Gift Card Fraud is Rising Rapidly the FTC Warns
As we enter the last few days before Christmas, gift cards become a popular gift as they are easy to buy at many retail stores and even instantly online.
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Unfortunately, gift cards have also become a favorite for scammers according to a recent FTC report which found in the first nine months of 2021, nearly 40,000 people reported $148 million in stolen gift cards. That number already exceeds the total fraud reported to the FTC in 2020.
What makes this even worse is that the FTC believes this number is a small fraction of the total problem as the vast majority of fraud is not reported to the government.
The reason scammers prefer gift cards is that they are easy to purchase and do not come with the fraud protection provided by debit or credit cards as well as online payment wallets such as PayPal.
There are many ways scammers trick consumers into giving up gift card numbers and codes and depending on the scam even trick consumers into buying specific gift cards.
In one scam the FTC cited, a scammer would claim to represent Amazon or Apple and ask the person to verify the security code on their card by sending an image of the information to them.
But in reality, these odd-looking codes (frequently a mix of numbers and letters) are the actual gift code and now the scammer can use the code to make purchases online.
In another example, the FTC said scammers pretended to be the Social Security Administration and claimed their bank account would be frozen as part of an investigation. The scammer would tell the person to purchase gift cards to avoid arrest or secure access to their funds.
Other reports showed people would receive similar calls where the scammer pretended to be a love interest, employer, sweepstakes/lottery company, or family member in trouble.
But what seems to be even more brazen is that scammers actually get their victims to buy specific gift cards, often coaching them through the process.
“For the past several years, we have seen a steady increase in gift cards. It became one of the most common gifts during the holidays a few years ago and has been growing in popularity worldwide. Whereas gift cards were once an in-store purchase, it is now a convenient go-to for online shoppers. This year in particular, due to the pandemic and supply chain problems causing potential delays in shipping holiday gifts, buyers are expected to spend 27% more on gift cards than last year — $270 on average per person.”Emily Grinzweig, director of fraud insights at Riskified, a company that provided fraud and chargeback prevention technology.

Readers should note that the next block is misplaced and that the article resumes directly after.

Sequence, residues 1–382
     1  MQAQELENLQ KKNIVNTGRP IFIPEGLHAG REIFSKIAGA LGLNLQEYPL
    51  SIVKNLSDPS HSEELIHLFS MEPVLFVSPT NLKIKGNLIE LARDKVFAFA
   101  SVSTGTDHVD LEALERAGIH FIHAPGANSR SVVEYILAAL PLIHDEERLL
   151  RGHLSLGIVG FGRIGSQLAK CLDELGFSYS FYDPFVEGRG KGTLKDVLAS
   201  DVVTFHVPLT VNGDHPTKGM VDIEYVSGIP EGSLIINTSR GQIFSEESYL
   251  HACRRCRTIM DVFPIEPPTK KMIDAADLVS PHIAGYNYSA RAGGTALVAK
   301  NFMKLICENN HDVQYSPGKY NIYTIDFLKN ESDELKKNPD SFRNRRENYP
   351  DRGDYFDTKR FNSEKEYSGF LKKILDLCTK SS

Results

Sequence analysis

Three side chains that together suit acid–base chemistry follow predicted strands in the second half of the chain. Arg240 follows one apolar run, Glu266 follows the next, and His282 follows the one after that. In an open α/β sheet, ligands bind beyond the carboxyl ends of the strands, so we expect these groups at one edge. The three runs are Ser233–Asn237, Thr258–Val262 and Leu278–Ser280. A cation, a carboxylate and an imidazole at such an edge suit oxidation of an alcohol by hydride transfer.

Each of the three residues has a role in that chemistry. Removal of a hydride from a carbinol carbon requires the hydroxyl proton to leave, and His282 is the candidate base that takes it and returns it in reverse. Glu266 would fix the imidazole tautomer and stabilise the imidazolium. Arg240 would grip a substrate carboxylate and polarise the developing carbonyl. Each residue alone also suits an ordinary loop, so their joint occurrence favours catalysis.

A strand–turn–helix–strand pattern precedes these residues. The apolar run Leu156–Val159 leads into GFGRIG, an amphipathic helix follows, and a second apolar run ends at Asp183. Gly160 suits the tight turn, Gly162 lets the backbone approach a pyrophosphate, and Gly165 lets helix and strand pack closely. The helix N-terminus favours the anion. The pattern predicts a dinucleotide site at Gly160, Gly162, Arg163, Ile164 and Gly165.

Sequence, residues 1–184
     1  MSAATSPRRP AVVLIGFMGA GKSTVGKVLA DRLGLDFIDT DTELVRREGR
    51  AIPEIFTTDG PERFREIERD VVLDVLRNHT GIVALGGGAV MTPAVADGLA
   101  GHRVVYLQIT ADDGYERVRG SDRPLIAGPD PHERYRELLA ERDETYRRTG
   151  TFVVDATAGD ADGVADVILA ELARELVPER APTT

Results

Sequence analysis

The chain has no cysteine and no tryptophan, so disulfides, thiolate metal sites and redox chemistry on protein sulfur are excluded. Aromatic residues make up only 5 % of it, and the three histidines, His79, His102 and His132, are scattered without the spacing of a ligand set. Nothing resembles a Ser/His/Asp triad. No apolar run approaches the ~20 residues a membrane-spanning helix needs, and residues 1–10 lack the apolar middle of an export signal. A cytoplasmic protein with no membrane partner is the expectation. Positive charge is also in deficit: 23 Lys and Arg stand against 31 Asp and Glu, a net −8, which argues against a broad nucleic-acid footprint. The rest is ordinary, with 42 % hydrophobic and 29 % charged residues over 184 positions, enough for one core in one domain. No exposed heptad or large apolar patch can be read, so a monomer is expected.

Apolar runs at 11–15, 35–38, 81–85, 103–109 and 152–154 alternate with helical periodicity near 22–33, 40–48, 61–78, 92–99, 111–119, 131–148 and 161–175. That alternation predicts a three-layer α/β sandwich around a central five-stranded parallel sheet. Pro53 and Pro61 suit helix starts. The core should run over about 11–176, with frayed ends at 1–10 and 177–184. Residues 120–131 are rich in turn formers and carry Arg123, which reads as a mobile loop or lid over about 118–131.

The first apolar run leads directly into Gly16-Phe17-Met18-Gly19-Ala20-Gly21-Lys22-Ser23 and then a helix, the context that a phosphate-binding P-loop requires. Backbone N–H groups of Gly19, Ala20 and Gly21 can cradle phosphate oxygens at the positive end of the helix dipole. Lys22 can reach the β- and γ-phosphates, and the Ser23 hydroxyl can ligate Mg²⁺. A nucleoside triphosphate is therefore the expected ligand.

Gift Card Fraud Rising at Alarming Levels
While reports of reported gift card scams are up and account for some of the increase in gift card fraud, victims have also reported losing much more money with losses of $5,000 or more up 14% in 2021 already.
The FTC said losses vary by brand as well. For example, Target saw a median reported loss of $2,500 in the first nine months of 2021 with 30% of people who paid with a Target saying they lost $5,000 or more.
The top five brands with the highest reported losses in 2021 so far are:
- Google Pay
One would assume Amazon would be in the top five but among the primarily online commerce shopping platforms, eBay actually leads the pack. The FTC didn’t offer an explanation for why these five brands appear to be popular among criminals.
The bottom line is that whenever someone asks to be paid by gift cards, it’s a scam. Gift cards are for gifts and not for payments.
How to Help Prevent Gift Card Fraud
Here are more resources on gift card fraud and how online merchants and retailers can help educate consumers on this growing trend by scammers.
- Report Gift Card Fraud with FTC
- More FTC Information About Gift Card Fraud
- Amazon Warning About Gift Card Fraud
- eBay Warning About Gift Card Fraud
- Target Warning About Gift Card Fraud
- Walmart Warning About Gift Card Fraud
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Richard is co-founder of eSeller365. He has over 17 years of experience on eBay which includes tens of thousands of sales to buyers in over 100 countries and even has experience with eBay’s VeRO program enforcing intellectual property rights for a former employer. And for about two years Richard sold products on Amazon using Amazon FBA in the US.
To “relax” from the daily business grind, for a few weekends a year, he also works for IMSA as a professional race official.